Making the case for reforming an American dream

Posted Jan. 13, 2009, at 5:18 p.m.

The current financial crisis is a compelling case for reforming “an” American dream if not “the” American dream. Since the 1980s, the American dream seems to have moved to a focus on money and assets as “the end itself” rather than a means to a better society. This has led to numerous problems from difficulty regulating large business enterprise to fearing the consequences of a large enterprise failure — affecting the lives of millions of people.

I go back to my childhood and what I perceived then to be the focus of most people in my town and neighboring communities. The focus was to work hard and make a significant contribution to society while gaining some ground financially. The primary focus was on making a contribution to society, not just making a lot of money or amassing a collection of valuable assets.

We now have seen several financial disasters in recent years — the Enron failure seven years ago, promoting subprime mortgages to people who were not qualified to repay them, and now the massive failure of investment banks that bought large volumes of risky financial instruments. With a primary focus on money and assets, bad judgments often are made because the judger’s picture of possibilities is tilted toward success by visions of tremendous financial gain “if” things go well.

It is time to return America to a land where discipline prevails and financial gain takes a definite back seat to hard, honest work to move society forward not take it on a wild ride that one hopes will turn out well.

The ultimate question is how we do that.

I believe the fundamental starting point has to be making it unattractive to have large financial holdings and incomes. The American way of dealing with such matters is usually through taxes and fees levied on things we want to discourage and credits given for things we want to encourage.

Income taxes on personal incomes in excess of $250,000 should become much more progressive than they are today. The top percentage rate on taxable income above somewhere between $1 million and $20 million should be 60 percent to 80 percent to discourage people from having incomes that large. Today the rate is about 35 percent. Large incomes still would be legal, but only 40 percent to 20 percent of them would be retainable. A way of lessening the percentage levied as tax is to reduce deductions from gross income to get taxable income. This allows tuning tax policy to affect some enterprises more or less than others; whoever’s ox is gored is going to think the goring unfair, but perhaps the general population would prefer it to more cumbersome wealth regulation strategies.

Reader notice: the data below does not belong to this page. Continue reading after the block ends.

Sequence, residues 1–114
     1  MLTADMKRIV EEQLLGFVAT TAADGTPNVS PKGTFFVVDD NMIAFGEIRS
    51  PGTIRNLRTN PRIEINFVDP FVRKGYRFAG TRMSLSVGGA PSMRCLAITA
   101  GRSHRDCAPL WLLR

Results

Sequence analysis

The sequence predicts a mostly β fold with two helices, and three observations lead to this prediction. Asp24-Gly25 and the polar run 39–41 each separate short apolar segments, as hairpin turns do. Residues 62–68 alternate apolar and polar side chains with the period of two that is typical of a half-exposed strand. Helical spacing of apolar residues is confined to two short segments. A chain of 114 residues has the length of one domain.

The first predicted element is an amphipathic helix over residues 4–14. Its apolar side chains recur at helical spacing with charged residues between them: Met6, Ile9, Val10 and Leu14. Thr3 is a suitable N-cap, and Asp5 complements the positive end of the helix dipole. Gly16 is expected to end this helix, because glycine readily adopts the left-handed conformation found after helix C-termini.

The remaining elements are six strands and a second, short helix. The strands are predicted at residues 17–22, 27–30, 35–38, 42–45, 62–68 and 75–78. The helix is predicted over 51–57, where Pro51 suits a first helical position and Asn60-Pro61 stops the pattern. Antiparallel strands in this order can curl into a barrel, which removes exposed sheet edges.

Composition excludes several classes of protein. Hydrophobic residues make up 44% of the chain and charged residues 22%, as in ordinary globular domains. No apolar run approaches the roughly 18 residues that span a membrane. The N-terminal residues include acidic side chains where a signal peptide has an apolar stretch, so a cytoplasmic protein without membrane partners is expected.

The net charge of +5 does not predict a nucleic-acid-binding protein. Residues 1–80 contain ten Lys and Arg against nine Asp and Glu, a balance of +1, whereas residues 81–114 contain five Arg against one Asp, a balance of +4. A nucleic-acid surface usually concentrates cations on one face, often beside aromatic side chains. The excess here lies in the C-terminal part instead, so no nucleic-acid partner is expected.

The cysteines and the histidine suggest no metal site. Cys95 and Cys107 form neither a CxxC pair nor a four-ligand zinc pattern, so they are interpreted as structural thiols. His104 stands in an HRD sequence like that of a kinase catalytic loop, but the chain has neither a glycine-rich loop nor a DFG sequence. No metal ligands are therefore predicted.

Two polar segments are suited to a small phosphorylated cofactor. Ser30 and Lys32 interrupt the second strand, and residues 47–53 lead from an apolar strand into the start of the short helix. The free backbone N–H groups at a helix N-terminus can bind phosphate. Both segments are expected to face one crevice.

Many highways and bridges in the U.S. were built with federal government help from the 1950s through the 1970s. Some now are 50 years old and nearing the end of the life span of concrete exposed to the elements. They will deteriorate more and more rapidly in the coming years and require maintenance and replacement. I would like to see this infrastructure continue for the benefit of myself and future U.S. citizens and visitors. Maintenance of infrastructure takes money and would be a good use for extra taxes on huge incomes, to distribute concentrated wealth for the betterment of all. The wealth came from lots of citizens in the first place over a period of time.

I believe America works much better with a more level playing field in terms of incomes. When Americans believe they are getting treated fairly, few tend to seek a special situation and privilege that benefits them, or to engage in illegal practices believing they can “get away with it” and are just as much entitled to the rewards as wealthy enterprises and individuals. This simplifies the governing process with fewer special rules and regulations that have to be enforced and monitored.

Our focus should be on hard work for the benefit of society with adequate financial gain, not just on making money. If the United States continues on its current path, I would not be surprised to see it no longer exist as an independent country beyond the mid-21st century.

Justin Poland grew up Athens, a rural farming community, and lives in Bangor.

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